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MDHHS reports four new cases of mosquito-borne disease and two additional deaths in Southwest Michigan

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MDHHS reports four new cases of mosquito-borne disease and two additional deaths in Southwest Michigan

State residents are being strongly advised by the Michigan Department of Health and Human Services (MDHHS) to protect themselves from mosquito bites as four additional cases of Eastern Equine Encephalitis (EEE) have been confirmed in Southwest Michigan – including two that were fatal.

MDHHS is taking further action to protect the public health as the mosquito-borne disease remains a threat that has now resulted in seven confirmed human cases of EEE in Michigan with onset dates in July. The new cases expand the geographic area affected by human EEE cases to include Barry, Cass and Van Buren counties, along with previously identified cases in Kalamazoo and Berrien counties. Two of these additional cases, in Cass and Van Buren counties, were fatal, as was an earlier case in Kalamazoo County.

MDHHS is encouraging local officials in the five Southwest Michigan counties that have been impacted by human EEE cases and St. Joseph, Genesee and Lapeer counties – which have had animal EEE cases –  to consider postponing, rescheduling or cancelling outdoor activities occurring at or after dusk, particularly activities that involve children. This would include events such as late evening sports practices or games or outdoor music practices. The MDHHS recommendation is being made out of an abundance of caution to protect the public health and applies until the first hard frost of the year.

The Kalamazoo County Health & Community Services Department also issued a recommendation to local municipalities and schools to consider cancelling outdoor events or moving them inside if they are scheduled at or after dusk.

“Michigan is currently experiencing its worst Eastern Equine Encephalitis outbreak in more than a decade,” said Dr. Joneigh Khaldun, MDHHS chief medical executive and chief deputy for health. “The ongoing cases reported in humans and animals and the severity of this disease illustrate the importance of taking precautions against mosquito bites.”

All Michigan residents can stay healthy by following these steps to avoid mosquito bites:

  • Apply insect repellents that contain the active ingredient DEET, or other U.S. Environmental Protection Agency-registered product to exposed skin or clothing, and always follow the manufacturer’s directions for use.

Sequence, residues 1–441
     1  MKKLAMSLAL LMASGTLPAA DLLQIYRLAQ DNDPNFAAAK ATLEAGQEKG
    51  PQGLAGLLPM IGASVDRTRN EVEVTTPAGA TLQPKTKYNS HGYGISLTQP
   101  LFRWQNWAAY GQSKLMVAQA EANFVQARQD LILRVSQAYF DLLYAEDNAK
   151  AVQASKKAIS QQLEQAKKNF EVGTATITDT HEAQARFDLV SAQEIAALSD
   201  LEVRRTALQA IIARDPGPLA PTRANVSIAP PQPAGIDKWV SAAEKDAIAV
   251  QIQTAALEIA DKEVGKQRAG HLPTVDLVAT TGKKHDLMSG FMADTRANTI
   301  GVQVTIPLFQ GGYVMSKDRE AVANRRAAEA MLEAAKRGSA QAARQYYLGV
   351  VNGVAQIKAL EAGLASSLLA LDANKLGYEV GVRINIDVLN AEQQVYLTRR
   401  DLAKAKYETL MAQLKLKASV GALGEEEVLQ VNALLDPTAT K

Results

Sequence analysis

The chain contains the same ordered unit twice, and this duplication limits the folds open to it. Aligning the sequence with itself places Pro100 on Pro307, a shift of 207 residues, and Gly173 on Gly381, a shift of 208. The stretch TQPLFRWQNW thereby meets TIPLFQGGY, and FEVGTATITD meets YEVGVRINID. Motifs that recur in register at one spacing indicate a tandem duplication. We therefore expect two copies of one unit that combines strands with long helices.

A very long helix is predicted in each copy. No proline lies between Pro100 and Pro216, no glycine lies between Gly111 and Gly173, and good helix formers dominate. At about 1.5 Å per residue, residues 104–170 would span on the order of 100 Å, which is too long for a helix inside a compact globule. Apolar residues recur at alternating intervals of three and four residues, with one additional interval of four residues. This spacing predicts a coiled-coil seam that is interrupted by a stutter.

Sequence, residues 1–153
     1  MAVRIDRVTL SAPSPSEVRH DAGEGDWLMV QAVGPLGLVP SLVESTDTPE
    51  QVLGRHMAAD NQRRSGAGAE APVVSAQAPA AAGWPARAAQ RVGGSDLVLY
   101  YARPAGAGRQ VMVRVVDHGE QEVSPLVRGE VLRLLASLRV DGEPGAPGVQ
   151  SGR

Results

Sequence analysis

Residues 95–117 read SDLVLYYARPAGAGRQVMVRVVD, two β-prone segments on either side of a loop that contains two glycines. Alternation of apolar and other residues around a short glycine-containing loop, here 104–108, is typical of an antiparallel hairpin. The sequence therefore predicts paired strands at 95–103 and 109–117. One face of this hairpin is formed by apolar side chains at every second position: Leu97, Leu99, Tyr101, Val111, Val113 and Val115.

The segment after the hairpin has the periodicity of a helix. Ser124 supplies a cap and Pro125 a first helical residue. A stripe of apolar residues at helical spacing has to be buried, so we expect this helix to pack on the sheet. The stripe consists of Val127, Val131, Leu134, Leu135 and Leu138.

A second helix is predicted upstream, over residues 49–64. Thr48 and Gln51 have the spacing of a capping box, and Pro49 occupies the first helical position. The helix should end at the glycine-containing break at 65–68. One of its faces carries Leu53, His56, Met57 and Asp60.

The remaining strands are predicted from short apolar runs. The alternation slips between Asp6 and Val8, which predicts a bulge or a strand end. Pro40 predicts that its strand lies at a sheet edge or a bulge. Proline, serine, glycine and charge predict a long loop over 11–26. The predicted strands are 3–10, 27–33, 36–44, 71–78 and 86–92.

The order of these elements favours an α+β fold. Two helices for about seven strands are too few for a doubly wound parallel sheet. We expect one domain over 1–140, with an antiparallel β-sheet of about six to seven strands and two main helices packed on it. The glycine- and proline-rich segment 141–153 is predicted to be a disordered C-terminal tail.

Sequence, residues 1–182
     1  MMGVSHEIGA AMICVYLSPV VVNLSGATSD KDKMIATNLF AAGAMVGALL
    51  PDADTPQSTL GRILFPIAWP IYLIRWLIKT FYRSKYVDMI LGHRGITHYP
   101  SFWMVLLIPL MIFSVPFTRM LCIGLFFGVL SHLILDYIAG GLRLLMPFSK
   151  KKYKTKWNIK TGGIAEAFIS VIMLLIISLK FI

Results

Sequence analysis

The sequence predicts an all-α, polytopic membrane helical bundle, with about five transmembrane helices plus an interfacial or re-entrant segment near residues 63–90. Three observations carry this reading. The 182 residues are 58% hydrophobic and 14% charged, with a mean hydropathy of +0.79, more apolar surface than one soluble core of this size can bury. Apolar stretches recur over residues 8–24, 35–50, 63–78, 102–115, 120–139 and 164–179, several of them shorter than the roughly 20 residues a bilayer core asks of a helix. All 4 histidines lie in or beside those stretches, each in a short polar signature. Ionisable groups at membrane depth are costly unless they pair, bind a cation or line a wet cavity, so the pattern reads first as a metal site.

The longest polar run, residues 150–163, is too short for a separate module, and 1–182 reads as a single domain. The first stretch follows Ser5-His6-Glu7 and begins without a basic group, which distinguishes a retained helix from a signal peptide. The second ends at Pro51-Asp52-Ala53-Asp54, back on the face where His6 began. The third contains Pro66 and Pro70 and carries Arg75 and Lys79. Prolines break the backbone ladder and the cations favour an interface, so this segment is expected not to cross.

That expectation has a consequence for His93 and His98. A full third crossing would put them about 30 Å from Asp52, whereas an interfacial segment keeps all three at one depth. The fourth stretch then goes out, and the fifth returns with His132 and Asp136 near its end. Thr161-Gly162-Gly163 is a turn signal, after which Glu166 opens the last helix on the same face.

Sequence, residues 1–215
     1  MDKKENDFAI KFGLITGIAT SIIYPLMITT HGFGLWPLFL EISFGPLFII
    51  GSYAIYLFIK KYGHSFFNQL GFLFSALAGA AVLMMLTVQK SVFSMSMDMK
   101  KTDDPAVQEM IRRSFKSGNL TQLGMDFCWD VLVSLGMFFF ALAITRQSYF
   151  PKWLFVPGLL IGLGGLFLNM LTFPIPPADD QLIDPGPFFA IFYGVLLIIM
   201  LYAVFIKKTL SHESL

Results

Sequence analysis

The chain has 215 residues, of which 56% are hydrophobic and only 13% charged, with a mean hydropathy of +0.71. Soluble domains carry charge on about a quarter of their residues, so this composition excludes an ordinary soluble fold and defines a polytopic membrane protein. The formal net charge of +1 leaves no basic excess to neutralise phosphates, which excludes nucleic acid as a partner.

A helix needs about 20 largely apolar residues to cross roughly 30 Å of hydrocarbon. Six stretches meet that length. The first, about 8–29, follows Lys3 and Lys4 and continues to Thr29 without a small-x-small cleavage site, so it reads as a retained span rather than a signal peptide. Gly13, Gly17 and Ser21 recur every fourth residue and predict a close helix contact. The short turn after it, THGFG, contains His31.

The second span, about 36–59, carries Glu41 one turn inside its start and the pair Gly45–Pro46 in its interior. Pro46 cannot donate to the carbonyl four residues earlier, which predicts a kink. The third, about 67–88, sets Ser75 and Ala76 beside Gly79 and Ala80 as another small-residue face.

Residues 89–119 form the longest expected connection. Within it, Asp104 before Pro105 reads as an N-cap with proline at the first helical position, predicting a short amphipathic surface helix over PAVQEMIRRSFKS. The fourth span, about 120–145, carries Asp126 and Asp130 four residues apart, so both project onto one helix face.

• Wear long-sleeved shirts and long pants when outdoors. Apply insect repellent to clothing to help prevent bites.
  • Maintain window and door screening to help keep mosquitoes outside.
  • Empty water from mosquito breeding sites around the home, such as buckets, unused kiddie pools, old tires or similar sites where mosquitoes may lay eggs.
  • Use nets and/or fans over outdoor eating areas.

Infections can occur even when mosquito bite numbers are low.

EEE is one of the most dangerous mosquito-borne diseases in the United States, with a 33 percent fatality rate in people who become ill. People can be infected with EEE from the bite of a mosquito carrying the viruses. Persons younger than age 15 and over age 50 are at greatest risk of severe disease following infection.

See Also

Signs of EEE include the sudden onset of fever, chills, body and joint aches which can progress to a severe encephalitis, resulting in headache, disorientation, tremors, seizures and paralysis. Permanent brain damage, coma and death may also occur in some cases. Anyone experiencing these symptoms should visit their physician’s office.

In addition to the human cases, as of Sept. 16, nine cases of EEE in horses had been confirmed in Barry, Kalamazoo, Lapeer, and St. Joseph counties. None of the horses were vaccinated against EEE and all animals have died. There is an EEE vaccine available for horses, but not for people. Also, five deer in Barry, Cass, Genesee, Kalamazoo, and Van Buren counties have been confirmed with EEE infection and were euthanized due to the severity of their disease symptoms.

For more information about mosquito-borne diseases, visit Michigan.gov/emergingdiseases.  

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